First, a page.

The Technion campus has opened; students are back in the classrooms. "It's just like the first day of first grade," said one biology student
The Technion opened for the 2021 spring semester on Sunday, using a model of hybrid teaching – a combination of online and frontal teaching – in accordance with the Ministry of Health’s restrictions and “green” guidelines. After a challenging year of online learning, students are returning to classrooms, campuses, and frontal learning after presenting a vaccine certificate and pre-registering.
The Technion buildings and faculties were well prepared for the students’ return. The security unit has assigned bouncers, security guards, scouts, and certified COVID-19 inspectors on the contained campus to keep students and faculty members safe and to ensure that green regulations for COVID-19 are maintained. Only students with a vaccine certificate are able to study in classrooms, and class sizes are regulated.
Returning students were greeted by a banner that read, “We Came Back Green,” placed by the Office of the Dean of Students and the Student Union. The celebration also included eye-opening flags, placards, fortune cookies, and cards.
“This is a special day for all of us,” said Technion President, Professor Uri Sivan on a tour of the campus with Senior Vice President Professor Oded Rabinowitz and the Deans of the Technion. “The members of the academic and administrative staff have already gradually returned to campus in the past two weeks, in accordance with the Ministry of Health’s guidelines. Today, it is the turn of the students, who are the heartbeat of the Technion, to return to the classrooms. This spring semester comes after a long winter, and after the pandemic that lasted a whole year. Now we can finally go back and hear the academic hum in the classrooms, in the labs, in the hallways, and in the offices. With the return of the students, the campus will return to being a vibrant intellectual center.”
“I haven’t taught on campus in over a year and it’s definitely refreshing – a thousand times more comfortable than teaching on Zoom, which is sadly what we’ve become used to,” said Professor Eitan Yaakobi, researcher and lecturer in combinatorics in the Taub Faculty of Computer Science. “For the students here in class today, it’s the first time that they are studying live on campus. We now understand how important it is to have a personal relationship with the students, something I really missed this past year. Good luck to all the teachers, and especially to those learning, the students.”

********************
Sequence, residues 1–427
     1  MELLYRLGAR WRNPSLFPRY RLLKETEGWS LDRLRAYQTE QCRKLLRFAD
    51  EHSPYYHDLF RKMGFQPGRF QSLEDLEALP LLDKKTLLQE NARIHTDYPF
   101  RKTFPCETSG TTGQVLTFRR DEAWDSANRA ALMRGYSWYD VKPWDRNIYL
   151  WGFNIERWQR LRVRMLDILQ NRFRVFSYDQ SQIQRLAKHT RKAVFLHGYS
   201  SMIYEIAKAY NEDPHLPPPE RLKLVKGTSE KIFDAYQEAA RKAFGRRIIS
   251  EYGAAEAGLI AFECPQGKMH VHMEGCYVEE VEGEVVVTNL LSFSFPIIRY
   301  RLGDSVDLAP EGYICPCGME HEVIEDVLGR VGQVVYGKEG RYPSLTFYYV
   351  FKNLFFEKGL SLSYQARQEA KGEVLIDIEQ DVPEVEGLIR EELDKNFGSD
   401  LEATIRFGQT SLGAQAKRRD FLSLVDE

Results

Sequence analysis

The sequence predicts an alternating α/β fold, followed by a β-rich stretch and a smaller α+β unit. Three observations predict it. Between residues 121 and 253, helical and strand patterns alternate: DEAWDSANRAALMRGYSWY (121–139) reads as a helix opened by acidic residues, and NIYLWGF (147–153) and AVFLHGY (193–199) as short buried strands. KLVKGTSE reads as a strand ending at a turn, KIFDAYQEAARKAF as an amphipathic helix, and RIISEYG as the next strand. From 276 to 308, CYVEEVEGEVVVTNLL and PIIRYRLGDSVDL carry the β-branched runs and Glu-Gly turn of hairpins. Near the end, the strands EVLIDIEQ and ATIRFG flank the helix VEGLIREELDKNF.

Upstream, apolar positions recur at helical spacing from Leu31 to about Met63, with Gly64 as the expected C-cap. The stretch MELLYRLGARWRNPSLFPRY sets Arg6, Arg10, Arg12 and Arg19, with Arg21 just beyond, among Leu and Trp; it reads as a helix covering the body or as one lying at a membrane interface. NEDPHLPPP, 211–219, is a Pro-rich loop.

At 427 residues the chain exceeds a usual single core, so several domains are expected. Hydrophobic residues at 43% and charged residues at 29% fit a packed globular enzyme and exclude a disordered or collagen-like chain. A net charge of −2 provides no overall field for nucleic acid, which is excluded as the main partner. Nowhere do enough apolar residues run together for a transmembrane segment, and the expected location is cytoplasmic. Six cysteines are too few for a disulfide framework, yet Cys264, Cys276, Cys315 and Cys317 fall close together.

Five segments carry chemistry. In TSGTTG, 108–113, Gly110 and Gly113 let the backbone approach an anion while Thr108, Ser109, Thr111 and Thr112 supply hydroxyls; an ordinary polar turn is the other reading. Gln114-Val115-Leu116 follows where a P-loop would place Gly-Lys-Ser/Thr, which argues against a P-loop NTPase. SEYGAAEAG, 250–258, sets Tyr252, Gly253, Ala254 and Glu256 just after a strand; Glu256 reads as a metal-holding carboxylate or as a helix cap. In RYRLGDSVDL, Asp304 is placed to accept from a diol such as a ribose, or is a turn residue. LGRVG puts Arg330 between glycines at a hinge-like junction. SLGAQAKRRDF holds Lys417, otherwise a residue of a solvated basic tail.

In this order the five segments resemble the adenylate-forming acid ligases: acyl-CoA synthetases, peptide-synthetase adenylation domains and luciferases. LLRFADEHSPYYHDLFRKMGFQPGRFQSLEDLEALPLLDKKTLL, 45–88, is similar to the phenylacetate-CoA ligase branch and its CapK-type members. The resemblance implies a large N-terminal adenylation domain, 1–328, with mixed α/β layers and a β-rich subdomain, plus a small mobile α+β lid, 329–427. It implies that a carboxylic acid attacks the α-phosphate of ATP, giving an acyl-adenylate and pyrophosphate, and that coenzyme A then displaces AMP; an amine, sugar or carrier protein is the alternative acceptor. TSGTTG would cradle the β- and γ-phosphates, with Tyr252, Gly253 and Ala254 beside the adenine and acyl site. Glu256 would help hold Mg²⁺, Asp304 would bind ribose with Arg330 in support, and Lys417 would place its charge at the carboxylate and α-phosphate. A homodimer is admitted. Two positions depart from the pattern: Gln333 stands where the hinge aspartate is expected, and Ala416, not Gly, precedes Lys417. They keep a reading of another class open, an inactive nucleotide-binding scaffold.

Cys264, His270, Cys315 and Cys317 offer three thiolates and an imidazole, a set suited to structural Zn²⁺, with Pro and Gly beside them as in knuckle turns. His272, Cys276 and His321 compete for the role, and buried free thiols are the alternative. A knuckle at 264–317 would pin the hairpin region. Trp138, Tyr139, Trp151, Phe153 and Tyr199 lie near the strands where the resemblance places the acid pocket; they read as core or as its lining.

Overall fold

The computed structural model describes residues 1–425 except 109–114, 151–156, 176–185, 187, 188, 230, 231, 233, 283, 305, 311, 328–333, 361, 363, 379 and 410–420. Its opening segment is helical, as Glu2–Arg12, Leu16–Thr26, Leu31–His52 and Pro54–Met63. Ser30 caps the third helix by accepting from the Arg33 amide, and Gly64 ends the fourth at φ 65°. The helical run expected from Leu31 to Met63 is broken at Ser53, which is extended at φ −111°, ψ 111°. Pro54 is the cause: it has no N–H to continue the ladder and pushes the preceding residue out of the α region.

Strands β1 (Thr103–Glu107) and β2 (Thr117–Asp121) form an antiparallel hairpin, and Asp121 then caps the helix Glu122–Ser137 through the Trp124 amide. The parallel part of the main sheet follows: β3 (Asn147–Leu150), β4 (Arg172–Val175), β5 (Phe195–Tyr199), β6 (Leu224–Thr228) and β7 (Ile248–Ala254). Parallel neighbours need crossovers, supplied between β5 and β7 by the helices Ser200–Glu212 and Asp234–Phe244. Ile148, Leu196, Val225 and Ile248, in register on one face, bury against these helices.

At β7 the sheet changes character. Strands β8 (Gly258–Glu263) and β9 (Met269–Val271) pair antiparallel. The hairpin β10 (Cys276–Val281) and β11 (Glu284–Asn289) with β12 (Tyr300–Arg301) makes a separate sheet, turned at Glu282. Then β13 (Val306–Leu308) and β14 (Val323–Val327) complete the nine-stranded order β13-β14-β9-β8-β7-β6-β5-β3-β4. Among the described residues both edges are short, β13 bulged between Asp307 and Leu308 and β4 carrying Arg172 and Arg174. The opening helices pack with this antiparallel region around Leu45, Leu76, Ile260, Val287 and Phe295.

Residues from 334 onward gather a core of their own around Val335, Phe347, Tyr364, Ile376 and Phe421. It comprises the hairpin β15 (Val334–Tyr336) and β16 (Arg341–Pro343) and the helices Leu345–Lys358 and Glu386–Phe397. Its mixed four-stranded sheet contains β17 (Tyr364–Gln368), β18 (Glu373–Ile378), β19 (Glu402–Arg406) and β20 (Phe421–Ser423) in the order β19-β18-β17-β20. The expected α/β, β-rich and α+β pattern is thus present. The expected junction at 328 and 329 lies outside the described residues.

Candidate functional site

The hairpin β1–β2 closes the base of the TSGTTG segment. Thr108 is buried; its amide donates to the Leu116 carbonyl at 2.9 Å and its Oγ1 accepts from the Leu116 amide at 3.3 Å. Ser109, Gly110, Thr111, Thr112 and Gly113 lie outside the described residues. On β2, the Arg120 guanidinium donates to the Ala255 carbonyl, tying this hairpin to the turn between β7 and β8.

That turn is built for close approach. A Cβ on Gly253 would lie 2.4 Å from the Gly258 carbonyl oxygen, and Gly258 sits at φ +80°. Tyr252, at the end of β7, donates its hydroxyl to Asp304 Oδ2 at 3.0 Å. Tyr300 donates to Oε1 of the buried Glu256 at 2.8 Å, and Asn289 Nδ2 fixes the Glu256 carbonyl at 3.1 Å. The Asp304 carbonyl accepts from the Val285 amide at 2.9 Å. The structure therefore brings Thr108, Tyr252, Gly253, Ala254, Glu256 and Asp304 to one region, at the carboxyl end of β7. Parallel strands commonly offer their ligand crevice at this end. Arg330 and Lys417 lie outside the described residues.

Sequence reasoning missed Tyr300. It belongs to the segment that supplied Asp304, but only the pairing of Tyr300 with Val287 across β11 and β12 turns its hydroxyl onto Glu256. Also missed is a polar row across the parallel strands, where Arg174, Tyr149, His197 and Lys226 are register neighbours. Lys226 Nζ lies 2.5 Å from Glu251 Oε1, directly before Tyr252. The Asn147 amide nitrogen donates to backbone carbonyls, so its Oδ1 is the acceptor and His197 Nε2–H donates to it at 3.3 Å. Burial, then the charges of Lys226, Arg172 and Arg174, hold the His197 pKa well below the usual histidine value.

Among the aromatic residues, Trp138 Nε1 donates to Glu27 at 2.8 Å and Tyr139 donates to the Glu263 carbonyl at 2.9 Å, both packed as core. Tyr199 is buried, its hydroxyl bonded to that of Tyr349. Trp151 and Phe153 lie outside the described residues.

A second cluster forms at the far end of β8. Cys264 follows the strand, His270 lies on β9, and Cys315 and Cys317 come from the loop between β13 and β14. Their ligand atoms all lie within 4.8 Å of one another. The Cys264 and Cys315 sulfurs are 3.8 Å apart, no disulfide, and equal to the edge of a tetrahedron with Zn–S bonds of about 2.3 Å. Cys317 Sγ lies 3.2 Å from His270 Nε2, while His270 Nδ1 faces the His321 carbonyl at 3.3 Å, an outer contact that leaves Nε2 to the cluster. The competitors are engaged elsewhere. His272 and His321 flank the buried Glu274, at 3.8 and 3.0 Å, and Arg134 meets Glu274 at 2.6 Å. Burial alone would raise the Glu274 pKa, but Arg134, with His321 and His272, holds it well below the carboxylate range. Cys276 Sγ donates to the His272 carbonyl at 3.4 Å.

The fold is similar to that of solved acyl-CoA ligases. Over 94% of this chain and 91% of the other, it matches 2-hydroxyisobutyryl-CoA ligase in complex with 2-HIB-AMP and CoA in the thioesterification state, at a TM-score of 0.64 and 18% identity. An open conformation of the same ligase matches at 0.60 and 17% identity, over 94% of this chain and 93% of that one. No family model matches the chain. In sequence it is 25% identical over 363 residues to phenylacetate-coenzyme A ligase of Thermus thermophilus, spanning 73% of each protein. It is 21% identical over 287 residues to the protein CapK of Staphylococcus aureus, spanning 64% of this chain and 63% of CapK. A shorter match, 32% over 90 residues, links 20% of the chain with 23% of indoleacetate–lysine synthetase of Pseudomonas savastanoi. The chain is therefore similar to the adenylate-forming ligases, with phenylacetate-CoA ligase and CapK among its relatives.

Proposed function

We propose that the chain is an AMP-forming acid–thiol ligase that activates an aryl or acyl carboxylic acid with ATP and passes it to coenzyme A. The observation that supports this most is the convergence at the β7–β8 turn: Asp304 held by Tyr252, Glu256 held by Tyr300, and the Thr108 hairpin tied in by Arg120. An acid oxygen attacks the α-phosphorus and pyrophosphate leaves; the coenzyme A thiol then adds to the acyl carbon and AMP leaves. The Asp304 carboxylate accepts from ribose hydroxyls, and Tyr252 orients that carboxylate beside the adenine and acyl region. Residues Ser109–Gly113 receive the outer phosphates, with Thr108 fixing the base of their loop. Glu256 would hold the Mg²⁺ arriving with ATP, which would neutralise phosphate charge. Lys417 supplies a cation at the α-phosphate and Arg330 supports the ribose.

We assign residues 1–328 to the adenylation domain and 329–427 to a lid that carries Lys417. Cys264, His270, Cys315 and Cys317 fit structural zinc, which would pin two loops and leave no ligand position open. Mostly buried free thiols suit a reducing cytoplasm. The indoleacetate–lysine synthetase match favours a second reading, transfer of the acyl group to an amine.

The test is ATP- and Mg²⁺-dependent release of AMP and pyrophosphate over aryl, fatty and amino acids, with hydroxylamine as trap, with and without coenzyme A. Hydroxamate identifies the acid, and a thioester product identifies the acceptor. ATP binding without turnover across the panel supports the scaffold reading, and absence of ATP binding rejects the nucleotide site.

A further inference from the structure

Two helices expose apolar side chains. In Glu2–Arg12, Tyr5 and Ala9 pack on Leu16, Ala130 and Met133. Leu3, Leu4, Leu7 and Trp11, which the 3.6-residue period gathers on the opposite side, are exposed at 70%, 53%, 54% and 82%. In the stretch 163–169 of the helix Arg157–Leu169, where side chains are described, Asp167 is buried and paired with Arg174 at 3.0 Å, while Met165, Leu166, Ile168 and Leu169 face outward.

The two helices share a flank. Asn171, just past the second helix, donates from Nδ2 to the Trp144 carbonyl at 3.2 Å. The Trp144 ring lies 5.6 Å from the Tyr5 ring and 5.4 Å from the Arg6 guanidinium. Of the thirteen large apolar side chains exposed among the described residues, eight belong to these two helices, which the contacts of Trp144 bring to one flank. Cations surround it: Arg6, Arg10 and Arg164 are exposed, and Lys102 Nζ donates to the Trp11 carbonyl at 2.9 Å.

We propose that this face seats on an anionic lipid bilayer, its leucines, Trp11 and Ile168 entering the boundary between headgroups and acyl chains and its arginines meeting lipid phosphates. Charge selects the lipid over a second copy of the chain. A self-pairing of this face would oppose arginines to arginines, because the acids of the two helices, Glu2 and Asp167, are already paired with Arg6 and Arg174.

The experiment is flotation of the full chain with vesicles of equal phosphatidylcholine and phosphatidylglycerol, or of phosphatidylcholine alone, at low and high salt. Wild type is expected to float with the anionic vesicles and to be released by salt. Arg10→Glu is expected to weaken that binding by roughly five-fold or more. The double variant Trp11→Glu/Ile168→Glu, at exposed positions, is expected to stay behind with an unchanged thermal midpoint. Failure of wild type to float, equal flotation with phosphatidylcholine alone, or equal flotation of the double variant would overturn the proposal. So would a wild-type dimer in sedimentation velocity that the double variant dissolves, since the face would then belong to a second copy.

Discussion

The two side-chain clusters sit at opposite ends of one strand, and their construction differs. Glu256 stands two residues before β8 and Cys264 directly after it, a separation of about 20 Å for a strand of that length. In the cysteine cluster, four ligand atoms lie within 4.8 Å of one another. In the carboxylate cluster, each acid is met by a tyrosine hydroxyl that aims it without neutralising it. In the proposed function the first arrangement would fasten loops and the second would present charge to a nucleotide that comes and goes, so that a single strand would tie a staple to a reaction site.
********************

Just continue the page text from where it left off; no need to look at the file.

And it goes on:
“I’m really excited to be here, and I think the lecturer is more excited than anyone,” said Liad Pearl, a second-year student in computer engineering. “Suddenly, people are making jokes in class and laughing for real, not in front of a screen.”
“We’re very excited to be back in class,” said first-year biology students in Professor Meital Landau’s biochemistry and enzymology course, “just like on the first day of first grade.”
“Studying at home, on Zoom, was difficult for us,” said students in Dr. Nadav Amdursky’s analytical chemistry course, “both in terms of having technological issues as well as having distractions at home. We’re happy to be back in class.”
A year ago, on the eve of opening the spring semester 2020, Israel Council for Higher Education imposed a blanket ban on frontal teaching. Despite the short notice, the Technion managed to open the 2020 spring semester online on the scheduled date of March 18, with hardly any problems. It was the result of a conscious and ongoing effort to introduce digital teaching technologies in the years prior to the pandemic.
The two semesters since March 2020 have taken place online, thanks to the tireless work of Technion Senior Vice President Professor Oded Rabinowitz, Dean of Undergraduate Studies Professor Hossam Haick, and many others. This period has shown that while digital platforms allow for online learning and continued studies, they cannot completely replace frontal teaching. The interaction between students and lecturers is an essential component of campus life, learning, and student development. This is the background for the advancement of hybrid teaching, which combines online teaching with active classroom learning.